Glowing tumors: How fluorescence helps neurosurgeons fight brain cancer
October 4, 2019
When a patient is diagnosed with a malignant brain tumor, also known as glioblastoma, it’s a life-altering event. Time is of the essence, and early and expert brain tumor surgery can make a significant difference in the patient’s outcome.
At UT Southwestern, our surgical team recently performed the first two fluorescence-guided brain tumor surgeries in the Dallas-Fort Worth region, using an advanced technology that makes it easier to see and remove a patient’s entire tumor.
Studies have shown that the treatment, which uses an optical imaging agent called Gleolan to help visualize tumor cells during surgery, gives patients a better chance for long-term survival and extends the time it takes brain cancer cells to return.
UT Southwestern’s Peter O’Donnell Jr. Brain Institute is one of a select few institutions across the country that is able to offer Gleolan to patients, and if our first two successful surgeries are any indication, we expect it will quickly become a vital tool in our quest to provide glioblastoma patients with the best possible options and outcomes.
Techniques to tackle brain tumors
Glioblastoma is the most common malignant brain tumor in the U.S. About 12,000 people each year are diagnosed with it. (In 2018, Arizona Sen. John McCain died from a glioblastoma. Nine years to the day earlier, McCain’s colleague and friend Sen. Edward Kennedy of Massachusetts died of the same aggressive form of brain cancer.)
Glioblastoma is also one of the most difficult cancers to treat in the human body. The tumors typically are not contained in one specific mass and they can have finger-like vines that extend into nearby areas of the brain.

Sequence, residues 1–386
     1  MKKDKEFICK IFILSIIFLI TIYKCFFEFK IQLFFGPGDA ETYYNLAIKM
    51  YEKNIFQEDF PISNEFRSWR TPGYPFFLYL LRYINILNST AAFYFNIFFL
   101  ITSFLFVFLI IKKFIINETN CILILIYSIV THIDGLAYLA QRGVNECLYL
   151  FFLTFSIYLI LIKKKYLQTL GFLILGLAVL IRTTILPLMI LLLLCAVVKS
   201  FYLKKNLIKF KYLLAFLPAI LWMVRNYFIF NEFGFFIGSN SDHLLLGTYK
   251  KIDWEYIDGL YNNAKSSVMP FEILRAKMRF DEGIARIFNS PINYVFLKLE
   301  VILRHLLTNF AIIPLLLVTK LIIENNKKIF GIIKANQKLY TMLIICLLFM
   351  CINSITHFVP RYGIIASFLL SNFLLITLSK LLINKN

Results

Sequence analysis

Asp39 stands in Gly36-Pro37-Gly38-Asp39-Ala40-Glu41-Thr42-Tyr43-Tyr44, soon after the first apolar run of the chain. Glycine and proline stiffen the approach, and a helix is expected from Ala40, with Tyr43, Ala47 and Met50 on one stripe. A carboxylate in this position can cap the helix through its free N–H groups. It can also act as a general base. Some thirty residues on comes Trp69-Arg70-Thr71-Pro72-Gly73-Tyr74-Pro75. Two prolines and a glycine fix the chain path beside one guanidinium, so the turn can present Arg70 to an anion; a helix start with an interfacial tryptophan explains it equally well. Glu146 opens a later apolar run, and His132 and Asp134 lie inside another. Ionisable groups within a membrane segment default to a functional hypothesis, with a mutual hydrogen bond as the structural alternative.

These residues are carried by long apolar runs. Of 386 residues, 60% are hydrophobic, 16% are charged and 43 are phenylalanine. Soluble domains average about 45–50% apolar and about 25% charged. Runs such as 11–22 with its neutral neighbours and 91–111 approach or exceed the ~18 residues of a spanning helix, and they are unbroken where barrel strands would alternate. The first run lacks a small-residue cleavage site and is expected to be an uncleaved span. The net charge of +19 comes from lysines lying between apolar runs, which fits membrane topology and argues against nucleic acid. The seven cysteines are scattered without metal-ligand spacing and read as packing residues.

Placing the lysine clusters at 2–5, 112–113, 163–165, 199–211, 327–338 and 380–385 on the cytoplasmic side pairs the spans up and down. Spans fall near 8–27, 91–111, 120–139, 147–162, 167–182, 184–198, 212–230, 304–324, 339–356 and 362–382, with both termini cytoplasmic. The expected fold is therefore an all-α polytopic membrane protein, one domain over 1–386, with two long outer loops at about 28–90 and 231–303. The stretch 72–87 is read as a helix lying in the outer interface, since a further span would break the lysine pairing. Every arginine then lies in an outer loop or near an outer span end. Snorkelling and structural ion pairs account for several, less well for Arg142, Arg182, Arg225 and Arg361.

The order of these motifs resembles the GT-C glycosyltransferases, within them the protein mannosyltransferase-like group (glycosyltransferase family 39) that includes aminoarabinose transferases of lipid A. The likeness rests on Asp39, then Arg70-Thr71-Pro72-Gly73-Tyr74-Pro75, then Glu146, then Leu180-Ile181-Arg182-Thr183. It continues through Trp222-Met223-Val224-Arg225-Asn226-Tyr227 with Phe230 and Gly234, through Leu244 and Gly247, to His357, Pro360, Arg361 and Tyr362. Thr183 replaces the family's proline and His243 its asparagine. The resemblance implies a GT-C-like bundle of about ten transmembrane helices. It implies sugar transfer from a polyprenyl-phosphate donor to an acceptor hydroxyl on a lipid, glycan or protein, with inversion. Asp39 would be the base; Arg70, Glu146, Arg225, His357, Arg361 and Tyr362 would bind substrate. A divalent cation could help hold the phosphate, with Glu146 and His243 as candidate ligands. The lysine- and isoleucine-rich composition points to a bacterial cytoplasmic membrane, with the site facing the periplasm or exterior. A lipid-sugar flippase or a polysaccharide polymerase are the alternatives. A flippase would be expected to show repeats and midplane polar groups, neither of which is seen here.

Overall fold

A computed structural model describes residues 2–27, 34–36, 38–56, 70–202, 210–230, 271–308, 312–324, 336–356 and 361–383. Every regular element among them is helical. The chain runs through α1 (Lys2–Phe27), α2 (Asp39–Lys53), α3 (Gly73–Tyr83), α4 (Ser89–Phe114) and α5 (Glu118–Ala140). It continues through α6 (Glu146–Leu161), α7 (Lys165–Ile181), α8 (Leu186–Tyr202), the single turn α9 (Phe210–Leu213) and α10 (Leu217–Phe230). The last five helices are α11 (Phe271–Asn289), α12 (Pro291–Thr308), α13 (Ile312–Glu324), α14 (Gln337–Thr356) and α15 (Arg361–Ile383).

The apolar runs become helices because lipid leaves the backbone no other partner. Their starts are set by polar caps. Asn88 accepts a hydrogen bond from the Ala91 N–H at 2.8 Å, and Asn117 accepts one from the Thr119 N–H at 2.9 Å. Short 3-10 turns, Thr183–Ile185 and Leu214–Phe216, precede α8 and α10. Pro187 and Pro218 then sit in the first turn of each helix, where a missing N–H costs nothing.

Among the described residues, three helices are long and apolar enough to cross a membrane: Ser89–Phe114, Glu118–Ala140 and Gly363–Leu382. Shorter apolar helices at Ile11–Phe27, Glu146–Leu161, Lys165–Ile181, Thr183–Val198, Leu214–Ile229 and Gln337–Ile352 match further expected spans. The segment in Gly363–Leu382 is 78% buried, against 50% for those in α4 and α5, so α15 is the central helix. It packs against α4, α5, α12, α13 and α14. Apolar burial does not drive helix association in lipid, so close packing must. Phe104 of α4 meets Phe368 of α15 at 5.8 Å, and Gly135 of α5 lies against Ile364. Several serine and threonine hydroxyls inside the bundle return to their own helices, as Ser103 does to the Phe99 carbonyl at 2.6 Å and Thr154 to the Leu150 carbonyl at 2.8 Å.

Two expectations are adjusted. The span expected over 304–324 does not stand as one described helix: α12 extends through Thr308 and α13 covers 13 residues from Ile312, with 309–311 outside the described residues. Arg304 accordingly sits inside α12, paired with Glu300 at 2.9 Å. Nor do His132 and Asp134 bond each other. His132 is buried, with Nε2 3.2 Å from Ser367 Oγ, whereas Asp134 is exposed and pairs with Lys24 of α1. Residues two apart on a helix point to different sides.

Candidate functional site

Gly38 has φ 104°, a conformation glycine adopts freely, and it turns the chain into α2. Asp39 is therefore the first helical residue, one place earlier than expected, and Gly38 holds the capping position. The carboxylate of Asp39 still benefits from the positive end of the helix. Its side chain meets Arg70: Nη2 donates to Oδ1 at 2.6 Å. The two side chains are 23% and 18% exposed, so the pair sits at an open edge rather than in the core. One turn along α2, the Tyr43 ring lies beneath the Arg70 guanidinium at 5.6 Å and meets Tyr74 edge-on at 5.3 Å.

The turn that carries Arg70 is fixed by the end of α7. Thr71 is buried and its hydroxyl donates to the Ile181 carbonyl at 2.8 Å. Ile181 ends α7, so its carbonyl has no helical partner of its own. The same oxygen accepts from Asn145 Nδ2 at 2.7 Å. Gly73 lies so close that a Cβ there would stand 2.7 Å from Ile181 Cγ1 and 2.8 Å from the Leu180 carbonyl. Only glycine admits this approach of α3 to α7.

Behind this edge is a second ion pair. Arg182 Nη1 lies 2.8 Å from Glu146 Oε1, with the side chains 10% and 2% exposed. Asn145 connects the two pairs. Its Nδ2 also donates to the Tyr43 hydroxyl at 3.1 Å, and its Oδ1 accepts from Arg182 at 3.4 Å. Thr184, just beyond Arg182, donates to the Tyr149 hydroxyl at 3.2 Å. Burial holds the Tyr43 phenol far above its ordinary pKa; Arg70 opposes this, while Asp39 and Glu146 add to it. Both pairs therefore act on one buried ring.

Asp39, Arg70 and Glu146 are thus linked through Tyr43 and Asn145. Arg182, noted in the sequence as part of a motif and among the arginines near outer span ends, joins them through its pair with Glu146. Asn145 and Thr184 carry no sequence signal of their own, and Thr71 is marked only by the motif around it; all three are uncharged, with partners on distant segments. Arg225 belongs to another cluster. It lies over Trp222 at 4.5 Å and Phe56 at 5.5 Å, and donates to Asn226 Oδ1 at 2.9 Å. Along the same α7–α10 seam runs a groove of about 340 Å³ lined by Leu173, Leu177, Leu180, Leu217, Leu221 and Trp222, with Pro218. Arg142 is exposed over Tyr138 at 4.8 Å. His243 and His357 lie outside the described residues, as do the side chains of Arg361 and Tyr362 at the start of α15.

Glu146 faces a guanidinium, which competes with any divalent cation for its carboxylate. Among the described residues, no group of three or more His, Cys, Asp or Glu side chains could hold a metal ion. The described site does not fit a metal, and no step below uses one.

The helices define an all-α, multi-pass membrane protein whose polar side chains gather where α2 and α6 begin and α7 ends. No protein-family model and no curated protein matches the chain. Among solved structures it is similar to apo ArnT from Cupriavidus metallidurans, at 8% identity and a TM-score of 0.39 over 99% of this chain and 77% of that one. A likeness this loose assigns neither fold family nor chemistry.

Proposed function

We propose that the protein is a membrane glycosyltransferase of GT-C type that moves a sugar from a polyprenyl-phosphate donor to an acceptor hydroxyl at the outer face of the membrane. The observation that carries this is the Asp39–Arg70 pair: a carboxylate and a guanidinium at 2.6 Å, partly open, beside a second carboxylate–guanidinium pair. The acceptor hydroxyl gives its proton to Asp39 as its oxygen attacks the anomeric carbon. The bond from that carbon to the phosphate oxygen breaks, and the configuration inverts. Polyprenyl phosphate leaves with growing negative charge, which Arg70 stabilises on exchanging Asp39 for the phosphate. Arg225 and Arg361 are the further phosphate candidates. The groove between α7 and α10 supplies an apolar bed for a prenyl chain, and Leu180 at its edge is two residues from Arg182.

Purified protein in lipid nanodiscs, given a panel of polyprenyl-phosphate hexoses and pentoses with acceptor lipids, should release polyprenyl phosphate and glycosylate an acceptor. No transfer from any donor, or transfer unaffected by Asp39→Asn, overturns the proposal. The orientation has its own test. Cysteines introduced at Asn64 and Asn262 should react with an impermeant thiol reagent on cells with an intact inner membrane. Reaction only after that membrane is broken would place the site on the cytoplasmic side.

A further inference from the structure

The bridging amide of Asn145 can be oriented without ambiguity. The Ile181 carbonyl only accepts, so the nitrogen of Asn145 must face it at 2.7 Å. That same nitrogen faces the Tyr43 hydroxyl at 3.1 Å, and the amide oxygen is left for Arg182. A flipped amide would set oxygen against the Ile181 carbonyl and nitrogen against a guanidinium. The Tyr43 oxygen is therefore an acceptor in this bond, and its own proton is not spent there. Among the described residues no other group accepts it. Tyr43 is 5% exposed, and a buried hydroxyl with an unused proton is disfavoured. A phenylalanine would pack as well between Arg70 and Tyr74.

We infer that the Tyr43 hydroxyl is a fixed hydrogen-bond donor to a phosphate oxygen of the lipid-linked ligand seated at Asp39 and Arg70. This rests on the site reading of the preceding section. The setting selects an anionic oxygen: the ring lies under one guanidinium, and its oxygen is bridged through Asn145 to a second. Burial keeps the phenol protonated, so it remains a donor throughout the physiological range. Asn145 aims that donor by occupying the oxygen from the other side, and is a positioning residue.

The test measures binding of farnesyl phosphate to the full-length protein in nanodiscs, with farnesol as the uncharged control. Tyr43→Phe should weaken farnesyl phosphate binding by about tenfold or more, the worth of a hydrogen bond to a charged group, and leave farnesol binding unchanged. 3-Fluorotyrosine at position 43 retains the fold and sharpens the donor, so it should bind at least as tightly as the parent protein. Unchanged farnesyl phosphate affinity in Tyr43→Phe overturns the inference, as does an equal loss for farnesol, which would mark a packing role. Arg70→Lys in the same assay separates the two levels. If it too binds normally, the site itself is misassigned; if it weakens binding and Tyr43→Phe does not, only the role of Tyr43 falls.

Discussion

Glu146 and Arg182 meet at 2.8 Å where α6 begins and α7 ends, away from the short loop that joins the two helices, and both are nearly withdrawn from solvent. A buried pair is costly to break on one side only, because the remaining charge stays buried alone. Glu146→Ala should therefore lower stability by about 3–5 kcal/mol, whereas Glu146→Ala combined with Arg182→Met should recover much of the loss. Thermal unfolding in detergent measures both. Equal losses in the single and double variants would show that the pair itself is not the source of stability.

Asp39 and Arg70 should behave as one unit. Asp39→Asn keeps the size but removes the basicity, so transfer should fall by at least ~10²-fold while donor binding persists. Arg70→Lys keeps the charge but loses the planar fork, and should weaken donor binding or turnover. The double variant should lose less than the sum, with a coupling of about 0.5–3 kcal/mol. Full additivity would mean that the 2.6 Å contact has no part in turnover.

The standard of care for glioblastoma is early surgical resection, or removal, of the tumor, followed by chemotherapy and radiation. But the effectiveness of the surgery can be limited by several factors, including visibility and position of the tumor.
Under a white light, it can be difficult to distinguish between a glioblastoma and normal brain tissue. If the tumor is in an area of the brain that includes critical functions, like language and memory, that can make it even more challenging to remove.
'Gleolan (aminolevulinic acid hydrochloride) comes in liquid form and patients drink it two to four hours before surgery. The tumor glows under a blue light microscope, making it easier for the surgeon to differentiate the glioblastoma from normal brain tissue.'
Essentially, all patients have some recurrence of their tumor. Even with advanced surgical resection techniques, microscopic cancer cells are left behind because tumor cells infiltrate surrounding brain tissue. That is why surgery is followed by chemotherapy and radiation.
But we now know that our ability to remove as much of the tumor as possible is directly tied to long-term patient survival. Over the last several decades, neurosurgeons have developed techniques to remove as much tumor as is safely possible. These include:
- Intraoperative neuro-navigation, which is similar to a real-time GPS system for the brain
- Intraoperative motor mapping, which allows neurosurgeons to stimulate the brain while the patient is under anesthesia
- Awake craniotomies, which make it possible to talk to patients, have them take quizzes, even play a musical instrument during surgery so we can achieve resection and preserve vital areas of the brain. (We numb the scalp with lidocaine to ensure the patient is pain-free during the procedure.)
These techniques have all helped neurosurgeons push the boundaries of tumor removal while keeping patients safe. Gleolan takes these medical advances one step further.